Purpose: Following legal reform in 2013, the annual number of asylum seekers entering South Korea has increased from 1,143 in 2012 to 5,711 in 2015. We interviewed six African refugee mothers of young children regarding their health needs and barriers to access maternal child health services. Methods: We recruited mothers who had visited a clinic for immigrants between July 2013 and August 2015. Participants were African refugee women, aged over 18 years, who had given birth in Korea within the previous 5 years and had come to Korea over a year before recruitment. Interview questions examined participants’ experiences in pregnancy and childbirth and concerns regarding their child’s health status. Initial data analysis involved all researchers’ immersion in the entire collection of transcripts. We then noted recurrent topics and themes and identified similar issues. Results: At the time of giving birth, 5 participants were asylum seekers and one had undocumented status. The following barriers impeded their access to maternal child healthcare: socioeconomic factors (unstable social identity, low economic status, difficulty obtaining health insurance), language barriers (lack of linguistically appropriate health information, limited access to translation services), and cultural barriers (religious and cultural differences). Weak social support also hindered access to healthcare soon after migration; however, social links with the community emerged as a key coping strategy following settlement. Conclusion: We identified barriers to maternal and child healthcare and coping strategies among African refugee mothers in Korea. Future research should assess refugees’ health status and improve health access and literacy among refugee mothers.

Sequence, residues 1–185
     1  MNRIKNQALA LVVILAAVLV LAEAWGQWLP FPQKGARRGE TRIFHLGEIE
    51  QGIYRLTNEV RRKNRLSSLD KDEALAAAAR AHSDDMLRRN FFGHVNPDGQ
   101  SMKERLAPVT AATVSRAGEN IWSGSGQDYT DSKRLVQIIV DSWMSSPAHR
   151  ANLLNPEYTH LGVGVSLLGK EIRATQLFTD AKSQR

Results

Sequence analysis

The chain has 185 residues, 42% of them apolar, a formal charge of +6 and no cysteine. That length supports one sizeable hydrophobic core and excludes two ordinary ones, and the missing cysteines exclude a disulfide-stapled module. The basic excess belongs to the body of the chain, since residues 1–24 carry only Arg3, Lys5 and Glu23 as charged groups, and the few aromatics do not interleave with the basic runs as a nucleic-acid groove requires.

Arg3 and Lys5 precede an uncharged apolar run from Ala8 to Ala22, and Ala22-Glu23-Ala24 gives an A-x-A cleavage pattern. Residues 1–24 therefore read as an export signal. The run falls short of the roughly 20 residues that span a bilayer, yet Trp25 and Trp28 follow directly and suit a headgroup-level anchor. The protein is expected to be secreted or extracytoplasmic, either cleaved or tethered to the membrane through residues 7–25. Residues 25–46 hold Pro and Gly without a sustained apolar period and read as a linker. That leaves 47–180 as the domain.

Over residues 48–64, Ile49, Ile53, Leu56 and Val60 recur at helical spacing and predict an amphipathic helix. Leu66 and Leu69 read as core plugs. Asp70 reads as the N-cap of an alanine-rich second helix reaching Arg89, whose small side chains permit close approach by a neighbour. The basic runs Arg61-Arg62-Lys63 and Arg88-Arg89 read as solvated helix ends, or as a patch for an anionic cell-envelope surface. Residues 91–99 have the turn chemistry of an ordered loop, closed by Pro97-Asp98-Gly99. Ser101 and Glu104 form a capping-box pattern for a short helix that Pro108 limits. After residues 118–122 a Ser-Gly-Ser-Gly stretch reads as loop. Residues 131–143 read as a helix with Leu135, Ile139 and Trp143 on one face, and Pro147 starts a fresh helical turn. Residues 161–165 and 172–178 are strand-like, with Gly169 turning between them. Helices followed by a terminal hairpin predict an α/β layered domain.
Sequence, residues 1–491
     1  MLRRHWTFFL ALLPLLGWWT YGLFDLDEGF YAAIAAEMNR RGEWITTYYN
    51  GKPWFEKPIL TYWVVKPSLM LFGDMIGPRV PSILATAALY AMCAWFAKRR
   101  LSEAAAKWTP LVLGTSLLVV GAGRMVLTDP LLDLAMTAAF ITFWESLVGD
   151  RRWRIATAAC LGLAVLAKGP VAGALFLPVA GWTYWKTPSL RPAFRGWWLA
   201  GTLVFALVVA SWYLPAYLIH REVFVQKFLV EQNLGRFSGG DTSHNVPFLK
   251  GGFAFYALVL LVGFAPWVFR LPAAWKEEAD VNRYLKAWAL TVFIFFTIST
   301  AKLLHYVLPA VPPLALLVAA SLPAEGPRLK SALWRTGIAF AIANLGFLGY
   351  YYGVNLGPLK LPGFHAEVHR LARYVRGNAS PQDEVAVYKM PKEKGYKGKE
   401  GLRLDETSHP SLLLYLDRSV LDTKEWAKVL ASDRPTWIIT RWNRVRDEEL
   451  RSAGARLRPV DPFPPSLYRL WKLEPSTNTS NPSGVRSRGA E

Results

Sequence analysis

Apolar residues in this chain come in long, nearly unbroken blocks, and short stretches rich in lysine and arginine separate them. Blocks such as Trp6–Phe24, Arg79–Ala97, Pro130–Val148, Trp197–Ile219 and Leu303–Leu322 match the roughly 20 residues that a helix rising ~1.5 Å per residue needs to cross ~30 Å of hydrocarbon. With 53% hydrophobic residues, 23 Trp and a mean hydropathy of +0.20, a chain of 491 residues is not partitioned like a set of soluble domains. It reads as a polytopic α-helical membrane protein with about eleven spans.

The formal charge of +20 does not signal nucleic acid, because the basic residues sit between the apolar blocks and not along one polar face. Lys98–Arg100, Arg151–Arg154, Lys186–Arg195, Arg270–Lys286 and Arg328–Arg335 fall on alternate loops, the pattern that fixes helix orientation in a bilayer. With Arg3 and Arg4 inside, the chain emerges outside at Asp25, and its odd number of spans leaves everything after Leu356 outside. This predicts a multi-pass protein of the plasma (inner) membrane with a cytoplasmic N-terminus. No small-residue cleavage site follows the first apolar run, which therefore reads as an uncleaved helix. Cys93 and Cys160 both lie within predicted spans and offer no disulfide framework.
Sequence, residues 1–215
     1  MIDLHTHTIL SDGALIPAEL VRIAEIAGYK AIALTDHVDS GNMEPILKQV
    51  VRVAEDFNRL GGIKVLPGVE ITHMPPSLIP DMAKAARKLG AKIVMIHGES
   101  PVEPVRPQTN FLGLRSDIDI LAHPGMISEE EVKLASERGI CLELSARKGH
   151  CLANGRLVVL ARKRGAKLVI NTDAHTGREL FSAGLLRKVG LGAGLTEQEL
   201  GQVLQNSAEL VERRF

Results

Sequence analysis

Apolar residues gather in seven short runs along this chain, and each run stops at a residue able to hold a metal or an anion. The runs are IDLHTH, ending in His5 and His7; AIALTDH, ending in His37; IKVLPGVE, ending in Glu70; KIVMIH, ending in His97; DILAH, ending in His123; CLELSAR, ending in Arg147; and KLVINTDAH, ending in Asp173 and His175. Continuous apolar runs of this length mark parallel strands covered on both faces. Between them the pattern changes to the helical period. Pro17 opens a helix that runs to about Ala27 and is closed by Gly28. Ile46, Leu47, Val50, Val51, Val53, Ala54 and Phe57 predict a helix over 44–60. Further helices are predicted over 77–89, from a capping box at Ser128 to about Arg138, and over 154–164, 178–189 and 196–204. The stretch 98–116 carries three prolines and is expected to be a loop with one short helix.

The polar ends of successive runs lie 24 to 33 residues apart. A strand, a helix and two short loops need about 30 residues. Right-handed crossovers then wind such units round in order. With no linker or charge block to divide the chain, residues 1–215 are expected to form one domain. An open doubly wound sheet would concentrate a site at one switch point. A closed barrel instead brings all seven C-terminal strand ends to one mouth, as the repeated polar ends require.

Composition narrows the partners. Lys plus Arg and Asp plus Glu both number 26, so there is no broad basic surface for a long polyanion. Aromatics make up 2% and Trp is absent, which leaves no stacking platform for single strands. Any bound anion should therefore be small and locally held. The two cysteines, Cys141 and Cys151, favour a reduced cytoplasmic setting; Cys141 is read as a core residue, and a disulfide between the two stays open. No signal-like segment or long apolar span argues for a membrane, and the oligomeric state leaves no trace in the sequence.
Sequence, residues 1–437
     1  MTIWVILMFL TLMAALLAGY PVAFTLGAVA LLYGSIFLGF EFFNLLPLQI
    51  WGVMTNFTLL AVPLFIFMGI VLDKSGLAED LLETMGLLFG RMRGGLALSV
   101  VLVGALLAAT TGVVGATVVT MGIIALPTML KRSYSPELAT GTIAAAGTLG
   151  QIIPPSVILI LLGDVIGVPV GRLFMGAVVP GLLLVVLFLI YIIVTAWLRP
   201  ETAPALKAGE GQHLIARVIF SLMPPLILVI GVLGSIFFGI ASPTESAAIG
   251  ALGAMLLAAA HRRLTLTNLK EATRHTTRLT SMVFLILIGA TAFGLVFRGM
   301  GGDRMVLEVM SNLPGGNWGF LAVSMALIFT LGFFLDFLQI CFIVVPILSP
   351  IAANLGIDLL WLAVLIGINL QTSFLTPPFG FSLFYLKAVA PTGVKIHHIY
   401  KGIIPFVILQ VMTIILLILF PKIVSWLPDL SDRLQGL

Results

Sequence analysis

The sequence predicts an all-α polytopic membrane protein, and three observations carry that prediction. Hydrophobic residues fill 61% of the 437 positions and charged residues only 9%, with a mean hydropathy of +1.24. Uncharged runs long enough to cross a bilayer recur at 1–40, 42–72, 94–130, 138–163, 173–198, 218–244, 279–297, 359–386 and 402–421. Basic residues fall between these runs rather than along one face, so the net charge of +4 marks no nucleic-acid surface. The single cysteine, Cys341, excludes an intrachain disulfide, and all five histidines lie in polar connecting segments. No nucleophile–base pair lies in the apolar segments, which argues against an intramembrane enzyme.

- Health services accessibility